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Boolean attributes on Web Components #9230

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nickdima opened this Issue Mar 21, 2017 · 12 comments

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nickdima commented Mar 21, 2017

When setting boolean attributes on Web Components
<x-search somebool name={this.props.name} />
they get rendered as attribute/value pairs instead
<x-search somebool="true" name={this.props.name}>

This causes problems with some AMP components, for eg. <amp-iframe /> which has a resizable attribute that gets rendered as resizable="true". This results in non valid AMP content and developers crying with blood tears on their keyboards :)

The attribute 'resizable' in tag 'amp-iframe' is set to the invalid value 'true'. (see https://www.ampproject.org/docs/reference/components/amp-iframe)

Is there any reason for the current behaviour? Will changing this break something else?

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Krizzu Mar 22, 2017

Hey @nickdima

This behavior is described in Docs (old jsx gotchas) here.

So basically, if You pass a prop without a value, it defaults to "True"


Quick edit:

Digging deeper, this behavior (React Docs also point that) is standard behavior of html5 boolean attributes. Simply put, when you have an input element:
<input type="checkbox" checked />

the presence of checked attribute, represents the true value. Without it, checked would fall back to false.

Krizzu commented Mar 22, 2017

Hey @nickdima

This behavior is described in Docs (old jsx gotchas) here.

So basically, if You pass a prop without a value, it defaults to "True"


Quick edit:

Digging deeper, this behavior (React Docs also point that) is standard behavior of html5 boolean attributes. Simply put, when you have an input element:
<input type="checkbox" checked />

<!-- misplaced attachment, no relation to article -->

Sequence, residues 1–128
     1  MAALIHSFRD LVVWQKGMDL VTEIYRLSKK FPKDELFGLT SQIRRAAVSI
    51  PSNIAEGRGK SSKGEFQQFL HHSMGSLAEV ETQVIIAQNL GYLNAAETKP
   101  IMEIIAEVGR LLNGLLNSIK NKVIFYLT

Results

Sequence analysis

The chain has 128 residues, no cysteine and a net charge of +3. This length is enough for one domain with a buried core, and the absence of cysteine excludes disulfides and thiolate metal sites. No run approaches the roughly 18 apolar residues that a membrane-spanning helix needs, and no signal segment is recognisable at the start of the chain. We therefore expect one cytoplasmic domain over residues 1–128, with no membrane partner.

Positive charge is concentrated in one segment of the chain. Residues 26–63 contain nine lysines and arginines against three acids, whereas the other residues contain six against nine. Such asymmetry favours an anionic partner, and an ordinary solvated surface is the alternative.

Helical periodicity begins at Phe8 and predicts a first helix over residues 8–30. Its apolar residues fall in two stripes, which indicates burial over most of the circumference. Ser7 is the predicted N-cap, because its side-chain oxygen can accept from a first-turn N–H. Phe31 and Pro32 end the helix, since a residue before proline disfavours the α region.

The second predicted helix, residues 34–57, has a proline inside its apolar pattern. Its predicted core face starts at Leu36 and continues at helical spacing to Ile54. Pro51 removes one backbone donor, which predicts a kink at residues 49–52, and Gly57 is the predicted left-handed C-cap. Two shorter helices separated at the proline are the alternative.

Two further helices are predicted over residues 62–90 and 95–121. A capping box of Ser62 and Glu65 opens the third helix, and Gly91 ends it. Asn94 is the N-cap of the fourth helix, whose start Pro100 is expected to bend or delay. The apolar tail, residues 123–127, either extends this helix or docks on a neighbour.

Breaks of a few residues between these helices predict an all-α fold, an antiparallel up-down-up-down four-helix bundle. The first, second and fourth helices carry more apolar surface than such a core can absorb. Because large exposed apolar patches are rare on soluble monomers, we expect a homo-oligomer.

the presence of checked attribute, represents the true value. Without it, checked would fall back to false.

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nickdima Mar 22, 2017

Digging deeper, this behavior (React Docs also point that) is standard behavior of html5 boolean attributes.

Well yeah, but React is doing the contrary in this case, id doesn't render <some-tag somebool /> but <some-tag somebool="true />.
I know it works for known tags like input for disabled and checked but it doesn't work for unknown tags and attributes.

nickdima commented Mar 22, 2017

Digging deeper, this behavior (React Docs also point that) is standard behavior of html5 boolean attributes.

Well yeah, but React is doing the contrary in this case, id doesn't render <some-tag somebool /> but <some-tag somebool="true />.
I know it works for known tags like input for disabled and checked but it doesn't work for unknown tags and attributes.

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aweary Mar 22, 2017

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Thanks for the report @nickdima! Current React just passes attributes through if the element is a custom element. So if you pass somebool={true} the attribute will get set via setAttribute('somebool', true) which will set the attribute value to "true".

You can verify that's exepcted behavior with:

var element = document.createElement('some-tag');
element.setAttribute('somebool', true);
// <some-tag somebool="true"></some-tag>